WASHINGTON (Reuters) – Employment growth in the US was likely to recover in October, with wages likely to record their highest annual profits in 9½ years. This indicates a further streamlining of the labor market, which could stimulate the Federal Reserve to raise interest rates again in December.
While the Executive Branch Job Fair, hosted by the Conservative Partnership Institute at the Dirksen Senate office building in Washington, USA, on June 1
According to a Reuters survey of economists, the number of non-farm levies last month probably increased by 190,000. The number of employees increased by 134,000 in September. This is the smallest increase since the year after Hurricane Florence drenched North and South Carolina and negatively impacted hospitality and retail employment.
But the expected upswing in employment growth is likely to be mitigated by Hurricane Michael, who hit the Florida Panhandle in mid-October.
"The employment report should help alleviate some concerns that the economy is slowing down faster than it really is, and the economy is really in good shape," said Ryan Sweet, a senior economist at Moody's Analytics in Westchester, Pennsylvania.
Average hourly earnings are expected to increase by 0.2 percent in October, after rising 0.3 percent in September. This would increase the annual increase in wages to 3.1 percent, the largest increase since April 2009 of 2.8 percent in September.
Strong annual wage growth reflects other data released this week, showing that wages and salaries will rise the most in the third quarter since mid-2008. Hourly compensation also increased rapidly in the third quarter.
Fixed wages support the view that inflation will hover around the Fed's 2.0 percent target for a while. The personal consumption price index excluding the volatile food and energy components rose 2.0 percent in five months.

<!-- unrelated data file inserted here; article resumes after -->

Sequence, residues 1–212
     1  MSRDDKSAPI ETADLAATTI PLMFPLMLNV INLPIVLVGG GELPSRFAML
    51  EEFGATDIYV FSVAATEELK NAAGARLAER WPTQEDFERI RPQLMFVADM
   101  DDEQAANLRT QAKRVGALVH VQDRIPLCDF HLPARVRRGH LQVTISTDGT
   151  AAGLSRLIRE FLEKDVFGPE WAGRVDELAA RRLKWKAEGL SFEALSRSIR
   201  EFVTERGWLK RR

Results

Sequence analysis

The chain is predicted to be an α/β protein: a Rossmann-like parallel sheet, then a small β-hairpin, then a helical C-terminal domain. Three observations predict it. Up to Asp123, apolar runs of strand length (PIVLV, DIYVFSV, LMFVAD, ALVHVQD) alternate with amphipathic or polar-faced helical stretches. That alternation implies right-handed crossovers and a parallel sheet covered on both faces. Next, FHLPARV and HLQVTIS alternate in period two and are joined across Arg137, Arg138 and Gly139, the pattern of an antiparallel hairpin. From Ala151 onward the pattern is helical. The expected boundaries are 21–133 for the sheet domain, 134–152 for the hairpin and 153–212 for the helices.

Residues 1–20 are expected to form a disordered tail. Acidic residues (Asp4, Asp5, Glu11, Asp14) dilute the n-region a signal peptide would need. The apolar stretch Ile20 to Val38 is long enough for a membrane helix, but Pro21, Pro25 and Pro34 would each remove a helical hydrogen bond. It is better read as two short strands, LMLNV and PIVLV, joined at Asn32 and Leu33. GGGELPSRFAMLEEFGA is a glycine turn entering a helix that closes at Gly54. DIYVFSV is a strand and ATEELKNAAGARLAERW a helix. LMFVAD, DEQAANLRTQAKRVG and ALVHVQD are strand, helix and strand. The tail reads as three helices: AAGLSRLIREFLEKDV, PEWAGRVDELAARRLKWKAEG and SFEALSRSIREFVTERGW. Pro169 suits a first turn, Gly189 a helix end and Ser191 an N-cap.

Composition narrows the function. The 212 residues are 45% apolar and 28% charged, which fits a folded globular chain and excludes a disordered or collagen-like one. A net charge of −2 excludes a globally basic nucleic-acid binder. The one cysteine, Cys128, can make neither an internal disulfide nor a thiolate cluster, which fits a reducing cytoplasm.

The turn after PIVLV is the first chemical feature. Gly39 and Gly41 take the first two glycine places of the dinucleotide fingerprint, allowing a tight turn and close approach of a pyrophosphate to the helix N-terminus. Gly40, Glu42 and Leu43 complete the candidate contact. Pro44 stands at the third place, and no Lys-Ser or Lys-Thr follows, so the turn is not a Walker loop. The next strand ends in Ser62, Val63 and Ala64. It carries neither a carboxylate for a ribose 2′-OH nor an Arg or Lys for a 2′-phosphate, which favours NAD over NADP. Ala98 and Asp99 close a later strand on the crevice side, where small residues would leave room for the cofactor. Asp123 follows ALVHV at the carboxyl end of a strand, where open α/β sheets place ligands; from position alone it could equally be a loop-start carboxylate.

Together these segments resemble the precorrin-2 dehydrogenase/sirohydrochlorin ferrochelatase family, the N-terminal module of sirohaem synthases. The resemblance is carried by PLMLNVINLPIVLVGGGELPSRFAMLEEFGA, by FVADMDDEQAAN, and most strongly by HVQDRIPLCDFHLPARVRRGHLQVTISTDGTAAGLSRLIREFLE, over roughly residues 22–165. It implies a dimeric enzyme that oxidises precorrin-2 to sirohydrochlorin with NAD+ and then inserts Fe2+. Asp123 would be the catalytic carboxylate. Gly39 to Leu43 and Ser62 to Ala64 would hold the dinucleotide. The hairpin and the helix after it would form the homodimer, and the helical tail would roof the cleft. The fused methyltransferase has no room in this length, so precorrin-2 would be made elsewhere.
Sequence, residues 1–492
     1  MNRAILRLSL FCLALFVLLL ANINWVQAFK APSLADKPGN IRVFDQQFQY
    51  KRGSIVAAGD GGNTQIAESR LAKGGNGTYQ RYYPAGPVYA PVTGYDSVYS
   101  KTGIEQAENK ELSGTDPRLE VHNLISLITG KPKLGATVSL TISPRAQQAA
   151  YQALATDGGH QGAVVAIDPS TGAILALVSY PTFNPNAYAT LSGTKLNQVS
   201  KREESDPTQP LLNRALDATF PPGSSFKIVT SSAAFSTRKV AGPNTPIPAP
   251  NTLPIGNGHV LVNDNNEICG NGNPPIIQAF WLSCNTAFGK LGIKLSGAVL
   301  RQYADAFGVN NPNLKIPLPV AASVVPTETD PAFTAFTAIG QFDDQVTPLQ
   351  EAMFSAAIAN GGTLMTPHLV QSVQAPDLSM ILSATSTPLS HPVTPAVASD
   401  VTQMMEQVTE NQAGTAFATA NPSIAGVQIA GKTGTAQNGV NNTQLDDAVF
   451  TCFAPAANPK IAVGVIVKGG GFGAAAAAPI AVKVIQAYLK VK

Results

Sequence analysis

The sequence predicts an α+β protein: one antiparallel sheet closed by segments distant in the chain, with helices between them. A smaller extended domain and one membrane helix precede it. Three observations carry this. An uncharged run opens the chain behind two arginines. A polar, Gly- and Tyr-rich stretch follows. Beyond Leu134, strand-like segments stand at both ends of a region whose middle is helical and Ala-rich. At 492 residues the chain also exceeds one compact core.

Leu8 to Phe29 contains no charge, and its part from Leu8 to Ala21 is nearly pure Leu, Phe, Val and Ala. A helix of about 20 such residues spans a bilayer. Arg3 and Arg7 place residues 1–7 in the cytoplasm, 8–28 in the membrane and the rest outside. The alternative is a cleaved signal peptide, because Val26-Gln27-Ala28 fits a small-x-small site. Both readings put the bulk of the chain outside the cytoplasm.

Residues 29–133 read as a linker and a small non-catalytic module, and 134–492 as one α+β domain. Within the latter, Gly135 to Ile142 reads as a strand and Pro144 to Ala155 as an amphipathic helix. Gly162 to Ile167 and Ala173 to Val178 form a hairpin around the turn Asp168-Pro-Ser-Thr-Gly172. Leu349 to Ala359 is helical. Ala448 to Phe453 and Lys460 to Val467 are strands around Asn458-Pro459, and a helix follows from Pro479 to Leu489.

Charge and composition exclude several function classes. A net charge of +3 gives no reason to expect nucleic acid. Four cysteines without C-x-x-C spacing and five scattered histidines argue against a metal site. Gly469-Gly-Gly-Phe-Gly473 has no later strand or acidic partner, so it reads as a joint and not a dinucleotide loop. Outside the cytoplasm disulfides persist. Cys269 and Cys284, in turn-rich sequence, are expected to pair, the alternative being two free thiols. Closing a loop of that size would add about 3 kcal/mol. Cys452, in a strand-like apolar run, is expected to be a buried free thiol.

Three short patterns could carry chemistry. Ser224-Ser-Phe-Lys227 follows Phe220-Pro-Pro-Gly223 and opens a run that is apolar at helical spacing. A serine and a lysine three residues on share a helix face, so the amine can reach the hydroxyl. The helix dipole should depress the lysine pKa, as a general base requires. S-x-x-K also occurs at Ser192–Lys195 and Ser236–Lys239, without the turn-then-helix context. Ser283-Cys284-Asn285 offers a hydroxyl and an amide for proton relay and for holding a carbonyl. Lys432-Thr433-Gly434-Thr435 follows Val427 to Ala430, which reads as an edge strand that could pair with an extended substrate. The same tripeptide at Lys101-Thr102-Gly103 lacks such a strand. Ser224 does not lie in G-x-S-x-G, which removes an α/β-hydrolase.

The Fed is not expected to raise interest rates at its meeting next Wednesday. However, economists predict that US central bank data in December could be signaled by strong labor market data. The Fed raised its borrowing costs in September for the third time this year.
STRONG WAGE GAINS
"I expect that in mid-2019 pay rises will be at a level that would worry Fed members," said Joel Naroff, chief economist at Naroff Economic Advisors, Holland, Pennsylvania. "If that's the case, those who hope for only one or two interest rate hikes next year could be disappointed."
Employers looking for skilled workers increase their wages. There is a record of 7.14 million open jobs.
Online retailer Amazon.com Inc. announced last month to raise the minimum wage for US employees to $ 15 per hour from November. Workers at United States Steel Corp. will also receive a considerable salary increase.
The prospect that interest rates will rise faster than expected by the financial markets has hurt the US stock market, and a strong report on Friday could renew the sale on Wall Street. Standard & Poor's 500 index fell 6.9 percent in October, the biggest drop in seven years.
Employment growth averaged 208,000 jobs per month this year, twice as high as around 100,000 to reach the working-age population growth. This will support the economy, at least until the beginning of 2019, if gross domestic product is expected to slow down significantly as the stimulus from the White House tax cut package slips $ 1.5 trillion.
Last month, employment in the leisure and hotel industry has probably rebounded after a drop of 17,000 jobs in September, the first drop in the year.
Retailing in the retail sector was likely to remain weak, impacted by layoffs related to the bankruptcy of Mathers Firm of Steinhoff and some closing of stores by Sears Holdings Corp.
Further growth expected after the sector created 18,000 jobs in September A portion of factory employment declined last month, indicating a slowdown in recruitment.
Construction companies probably hired more workers in October. The jobs in the industry have increased despite the weakness of the residential real estate market. The number of civil servants is expected to increase by 7,000 in October.
Chart: US Wage Growth – tmsnrt.rs/2P2bNQJ
Reporting by Lucia Mutikani; Editing by Clive McKeef